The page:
(b) tubular side arms extending outwardly from the body and communicating with the body bore;
(0) a core rotatably mounted in said body bore and having a longitudinal passage extending between first and second ends of the core, said core having a portion adjacent its first end adapted to receive a syringe tip in fluid-tight engagement and having a port for selectively connecting the core passage with said tubular side arms upon rotary movement of said core relative to said body;
(d) locking means on said first end of said core for holding a syringe tip against rotary movement with respect to said core;
(e) a retaining member connected to the core adjacent its second end for slideably engaging the body to limit axial movement of said core in said body; and
(f) a pierceable, resealable diaphragm closing off an injection aperture in the retaining member, through which diaphragm medicaments can be added to the core passage.
2. A disposable medical valve as set forth in claim 1 wherein the core includes an internal recess at its second end in which the pierceable, resealable diaphragm is retained.
3. A disposable medical valve as set forth in claim 1 wherein the retaining member is axially press fitted to the second end of the core.
4. A disposable medical valve as set forth in claim 1 wherein the core has an annular internal recess in which the pierceable, resealable diaphragm fits and which is held therein by said retaining member, said recess being surrounded by a thin cylindrical deformed skirt fused to said retaining member.
5. An exchange transfusion system comprising:
(a) a syringe having a tip and locking means associated with this tip; and
(b) an exchange transfusion valve connected with the syringe tip, said exchange transfusion valve includmg (1) a body with a bore therethrough,
(2) tubular side arms extending outwardly from the body and communicating with the body bore,
(3) a core rotatably mounted in said body bore and having a longitudinal passage extending between a first open end and a second closed end of the core, said core having a tapered inner surface adjacent its first end which engages the syringe tip in a fluid-tight manner, which core has a port for selectively connecting the core passage with any of said tubular side arms upon rotary movement of said core relative to said body, and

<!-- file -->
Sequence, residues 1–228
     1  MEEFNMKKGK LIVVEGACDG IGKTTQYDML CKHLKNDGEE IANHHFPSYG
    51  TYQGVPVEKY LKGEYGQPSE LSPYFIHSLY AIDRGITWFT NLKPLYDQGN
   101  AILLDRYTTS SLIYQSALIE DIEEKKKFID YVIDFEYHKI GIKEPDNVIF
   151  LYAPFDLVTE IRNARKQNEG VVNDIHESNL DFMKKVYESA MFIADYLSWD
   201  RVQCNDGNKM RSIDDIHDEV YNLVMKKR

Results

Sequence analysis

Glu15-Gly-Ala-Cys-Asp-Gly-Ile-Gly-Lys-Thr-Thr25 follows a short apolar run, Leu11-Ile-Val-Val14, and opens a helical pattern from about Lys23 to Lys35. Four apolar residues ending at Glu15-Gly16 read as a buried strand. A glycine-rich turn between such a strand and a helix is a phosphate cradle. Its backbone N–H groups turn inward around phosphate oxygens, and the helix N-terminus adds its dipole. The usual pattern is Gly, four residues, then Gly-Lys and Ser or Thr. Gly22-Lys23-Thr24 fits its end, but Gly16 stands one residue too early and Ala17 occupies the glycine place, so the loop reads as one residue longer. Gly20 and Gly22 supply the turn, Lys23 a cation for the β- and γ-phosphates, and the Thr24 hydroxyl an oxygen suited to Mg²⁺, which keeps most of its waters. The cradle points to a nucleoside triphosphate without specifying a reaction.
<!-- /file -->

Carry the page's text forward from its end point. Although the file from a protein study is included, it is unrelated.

(4) locking means on the core separate from the tapered inner surface of the core for engaging the syringe tip locking means and holding the syringe against rotary movement relative to the core whereby rotation of the syringe in turn rotates the valve so as to connect the core progressively with each tubular side arm during an exchange transfusion cycle.
6. An exchange transfusion system as set forth in claim 5 wherein the core is infinitely rotatable in at least one direction relative to the body.
7. An exchange transfusion system comprising:
(a) a syringe having a tip, which tip includes (1') a hollow adapter having an outer surface which tapers radially inwardly to an external end of the adapter, and
(2) a sleeve surrounding the, hollow adapter at a distance therefrom, said sleeve having syringe tip locking means thereon; and- ,(b) an exchange transfusion valve including (1) a body with a bore therethrough,
(2) tubular side arms extending'outwardly from the body and communicating with the body bore,
(3) a core rotatably mounted in said body bore and having a longitudinal passage extending between a first open end and a second closed end of the core, which core has a port therein for connecting the longitudinal passage to a tubular side arm, said core having an internal surface which tapers radially outwardly toward its first open end, said surface frictionally engaging the outer surface of the hollow adapter of the syringe tip in a fluid-tight manner, and
(4) locking means connected to the core adjacent its open end, said core locking means engaging the syringe tip locking means and holding the syringe from rotary movement relative to the core, whereby the core and syringe are rotatable relative to the body by rotary force applied to the syringe.
References Cited STATES PATENTS Wandel 128-214 Bierman 128-214 Pennington 128-214 Cowley 128-214 Harautuneian 137-62547 Buono 137-625.42 Jinkens et a1. 137-556 FOREIGN PATENTS UNITED France. Great Britain.
15 RICHARD A. GAUDET, Primary Examiner.
D. L. TRULUCK, Examiner.
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|U.S. Classification||604/6.1, 137/625.47, 285/391, D24/129|
|International Classification||A61M1/02, A61M1/00, A61M39/22, A61M39/04, A61M39/02, A61M39/00|
|Cooperative Classification||A61M1/0062, A61M1/02, A61M39/223, A61M1/0005, A61M1/0009, A61M39/04|
|European Classification||A61M39/04, A61M1/00K2, A61M39/22D|